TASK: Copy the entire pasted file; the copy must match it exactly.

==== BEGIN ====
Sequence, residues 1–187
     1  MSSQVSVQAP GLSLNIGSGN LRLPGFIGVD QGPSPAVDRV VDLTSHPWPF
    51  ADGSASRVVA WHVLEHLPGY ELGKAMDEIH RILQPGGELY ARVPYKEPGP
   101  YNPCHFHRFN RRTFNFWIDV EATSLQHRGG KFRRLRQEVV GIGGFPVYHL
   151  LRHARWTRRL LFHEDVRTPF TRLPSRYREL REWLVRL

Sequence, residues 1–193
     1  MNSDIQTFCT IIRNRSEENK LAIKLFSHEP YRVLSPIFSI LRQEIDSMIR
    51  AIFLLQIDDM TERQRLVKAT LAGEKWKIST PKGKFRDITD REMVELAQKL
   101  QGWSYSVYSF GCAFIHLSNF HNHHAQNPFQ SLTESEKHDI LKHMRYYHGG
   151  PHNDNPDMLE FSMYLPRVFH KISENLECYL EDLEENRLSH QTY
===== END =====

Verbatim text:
Sequence, residues 1–187
     1  MSSQVSVQAP GLSLNIGSGN LRLPGFIGVD QGPSPAVDRV VDLTSHPWPF
    51  ADGSASRVVA WHVLEHLPGY ELGKAMDEIH RILQPGGELY ARVPYKEPGP
   101  YNPCHFHRFN RRTFNFWIDV EATSLQHRGG KFRRLRQEVV GIGGFPVYHL
   151  LRHARWTRRL LFHEDVRTPF TRLPSRYREL REWLVRL

Sequence, residues 1–193
     1  MNSDIQTFCT IIRNRSEENK LAIKLFSHEP YRVLSPIFSI LRQEIDSMIR
    51  AIFLLQIDDM TERQRLVKAT LAGEKWKIST PKGKFRDITD REMVELAQKL
   101  QGWSYSVYSF GCAFIHLSNF HNHHAQNPFQ SLTESEKHDI LKHMRYYHGG
   151  PHNDNPDMLE FSMYLPRVFH KISENLECYL EDLEENRLSH QTY